Gertrude F. Rempfer

Date of Award


Document Type


Degree Name

Doctor of Philosophy (Ph.D.) in Environmental Sciences and Resources: Physics


Environmental Science and Management

Physical Description

3, x, 131 leaves: ill. 28 cm.


Biophysics, 3-phenylindole, Ions, Ion-permeable membranes




The compound 3-phenylindole (3PI) is a particularly active antimicrobial which interacts with phospholipids in fungal mycelia membranes, and which strongly inhibits the uptake of phosphate into fungal mycelia. The physical effects of 3PI on ion transport across bilayer lipid membranes composed of phosphatidylcholine/cholesterol have been investigated using three lipophilic ions and one ion/carrier complex. It was found that 3PI increased the electrical conductivity induced by the lipophilic cation (tetraphenylarsonium) and by the positively charged complex (nonactin-K('+)) by several orders of magnitude whereas 3PI decreased the conductivity induced by the two lipophilic anions (tetraphenylborate, dipicrylamine) by a factor of less than ten. These conductivity changes are explained as a combination of changes in the electrostatic and in the non-electrostatic properties of the bilayer. The electrostatic potential of the bilayer interior was shown to decrease in the presence of 3PI, a phenomenon which was also confirmed by measurements of the surface potential of phosphatidylcholine/cholesterol monolayers. The changes in non-electrostatic properties of the bilayer are qualitatively discussed in terms of increased bilayer fluidity or decreased bilayer thickness brought about by the presence of 3PI. The partition coefficient of the lipophilic anions, as determined by the voltage-step transient current technique, decreased slightly when 3PI was present in the aqueous phase. From the voltage dependence of the normalized steady state conductivity it was shown that 3PI did not kinetically limit tetraphenylarsonium transport but that it did kinetically limit nonactin-K('+) transport at concentrations greater than 25 (mu)M 3PI. The theory of carrier-mediated transport predicts the occurrence of transient currents in the kinetically limited regime but no transients were detected for nonactin-K('+) in the presence of 80 (mu)M 3PI. A method for analyzing the adsorption of neutral lipophilic molecules onto lipid monolayers has been presented, and by this method it was found that the partition coefficient of 3PI onto phosphatidylcholine/cholesterol monolayers was 1.3 x 10('-4) m and that the maximum adsorbed surface number density of 3PI was 1.1 x 10('-6) moles/m('2). From the experimental changes in monolayer surface potential as a function of adsorbed surface number density, a value for the normal component of the dipole moment of 3PI was obtained.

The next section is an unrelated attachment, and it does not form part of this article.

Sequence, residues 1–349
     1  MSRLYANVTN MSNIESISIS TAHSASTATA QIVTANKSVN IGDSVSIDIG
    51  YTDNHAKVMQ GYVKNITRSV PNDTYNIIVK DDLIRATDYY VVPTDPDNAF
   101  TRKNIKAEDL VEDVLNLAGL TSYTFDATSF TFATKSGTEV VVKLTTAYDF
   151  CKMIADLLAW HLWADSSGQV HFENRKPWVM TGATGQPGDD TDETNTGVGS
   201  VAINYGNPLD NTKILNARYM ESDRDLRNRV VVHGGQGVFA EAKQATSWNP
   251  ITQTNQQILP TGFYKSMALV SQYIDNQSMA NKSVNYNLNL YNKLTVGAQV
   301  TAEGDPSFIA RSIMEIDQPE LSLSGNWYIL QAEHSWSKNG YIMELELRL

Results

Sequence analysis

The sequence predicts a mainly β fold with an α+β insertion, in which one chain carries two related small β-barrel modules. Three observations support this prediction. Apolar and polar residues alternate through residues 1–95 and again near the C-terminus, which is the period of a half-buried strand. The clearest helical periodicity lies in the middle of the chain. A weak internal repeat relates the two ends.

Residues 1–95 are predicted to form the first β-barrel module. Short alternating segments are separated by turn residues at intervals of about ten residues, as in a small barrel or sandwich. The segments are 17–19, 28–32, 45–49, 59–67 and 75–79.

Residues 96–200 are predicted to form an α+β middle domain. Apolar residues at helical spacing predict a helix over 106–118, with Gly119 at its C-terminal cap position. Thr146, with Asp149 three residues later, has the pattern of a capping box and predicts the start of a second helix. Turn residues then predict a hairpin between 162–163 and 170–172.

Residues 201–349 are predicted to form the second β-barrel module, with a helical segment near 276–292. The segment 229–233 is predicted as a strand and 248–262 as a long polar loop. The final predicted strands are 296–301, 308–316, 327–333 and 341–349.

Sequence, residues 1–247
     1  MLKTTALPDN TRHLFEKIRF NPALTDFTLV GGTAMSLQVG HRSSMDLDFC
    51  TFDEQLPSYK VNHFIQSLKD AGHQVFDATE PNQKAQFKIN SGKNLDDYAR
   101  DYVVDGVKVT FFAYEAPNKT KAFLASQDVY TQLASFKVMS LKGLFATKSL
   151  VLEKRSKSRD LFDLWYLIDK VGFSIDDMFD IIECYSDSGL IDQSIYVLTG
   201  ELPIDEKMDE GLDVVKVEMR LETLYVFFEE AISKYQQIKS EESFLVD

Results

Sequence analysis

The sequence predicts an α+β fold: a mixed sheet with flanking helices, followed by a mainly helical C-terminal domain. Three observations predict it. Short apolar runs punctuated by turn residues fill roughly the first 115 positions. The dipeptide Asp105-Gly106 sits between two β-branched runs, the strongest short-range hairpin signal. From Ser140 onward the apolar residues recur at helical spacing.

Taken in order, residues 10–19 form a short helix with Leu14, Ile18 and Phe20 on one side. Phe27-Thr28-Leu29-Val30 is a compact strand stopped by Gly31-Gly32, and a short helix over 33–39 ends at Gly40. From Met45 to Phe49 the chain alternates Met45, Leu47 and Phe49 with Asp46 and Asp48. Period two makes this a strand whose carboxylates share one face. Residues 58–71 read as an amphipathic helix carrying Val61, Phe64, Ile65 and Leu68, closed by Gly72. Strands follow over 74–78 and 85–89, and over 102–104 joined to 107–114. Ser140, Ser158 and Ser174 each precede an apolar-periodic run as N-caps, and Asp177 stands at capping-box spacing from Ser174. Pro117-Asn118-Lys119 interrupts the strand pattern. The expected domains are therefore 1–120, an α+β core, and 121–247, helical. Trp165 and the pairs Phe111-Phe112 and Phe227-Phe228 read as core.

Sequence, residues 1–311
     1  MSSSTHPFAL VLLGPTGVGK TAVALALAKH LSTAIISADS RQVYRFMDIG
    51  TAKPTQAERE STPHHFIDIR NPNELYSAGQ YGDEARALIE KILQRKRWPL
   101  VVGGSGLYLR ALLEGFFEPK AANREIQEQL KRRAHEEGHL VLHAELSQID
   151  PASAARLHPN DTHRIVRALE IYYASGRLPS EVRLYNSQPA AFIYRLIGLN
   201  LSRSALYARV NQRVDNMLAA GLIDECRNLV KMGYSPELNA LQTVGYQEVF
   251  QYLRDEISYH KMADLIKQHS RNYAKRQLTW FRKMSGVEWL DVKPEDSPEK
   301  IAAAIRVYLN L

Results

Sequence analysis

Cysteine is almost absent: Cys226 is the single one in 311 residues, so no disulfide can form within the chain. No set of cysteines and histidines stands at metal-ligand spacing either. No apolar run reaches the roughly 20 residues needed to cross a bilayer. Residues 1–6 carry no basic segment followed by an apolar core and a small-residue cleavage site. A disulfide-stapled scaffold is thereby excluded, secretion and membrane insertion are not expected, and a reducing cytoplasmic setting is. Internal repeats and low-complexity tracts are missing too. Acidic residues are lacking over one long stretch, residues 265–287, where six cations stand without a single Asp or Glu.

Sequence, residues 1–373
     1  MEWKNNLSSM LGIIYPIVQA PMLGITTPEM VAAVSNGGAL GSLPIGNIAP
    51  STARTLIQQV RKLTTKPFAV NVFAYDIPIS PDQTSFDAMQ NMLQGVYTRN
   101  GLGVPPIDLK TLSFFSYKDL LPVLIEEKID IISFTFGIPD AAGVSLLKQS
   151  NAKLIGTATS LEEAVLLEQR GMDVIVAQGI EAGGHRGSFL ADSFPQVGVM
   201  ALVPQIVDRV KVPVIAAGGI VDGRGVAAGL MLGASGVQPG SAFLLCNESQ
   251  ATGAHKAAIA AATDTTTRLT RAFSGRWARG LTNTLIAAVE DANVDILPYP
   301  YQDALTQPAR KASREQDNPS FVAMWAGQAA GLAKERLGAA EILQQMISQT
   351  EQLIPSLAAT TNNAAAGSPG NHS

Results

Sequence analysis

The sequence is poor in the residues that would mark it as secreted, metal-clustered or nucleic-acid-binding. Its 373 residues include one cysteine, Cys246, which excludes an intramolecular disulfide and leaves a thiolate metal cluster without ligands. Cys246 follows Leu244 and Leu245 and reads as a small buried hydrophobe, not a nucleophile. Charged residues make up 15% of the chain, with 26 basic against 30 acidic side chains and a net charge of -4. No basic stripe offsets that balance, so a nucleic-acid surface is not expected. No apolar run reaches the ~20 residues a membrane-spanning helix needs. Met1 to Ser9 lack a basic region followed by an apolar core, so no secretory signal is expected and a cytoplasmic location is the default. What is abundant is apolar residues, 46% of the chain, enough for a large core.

Portland State University. Environmental Sciences and Resources Ph. D. Program.

Persistent Identifier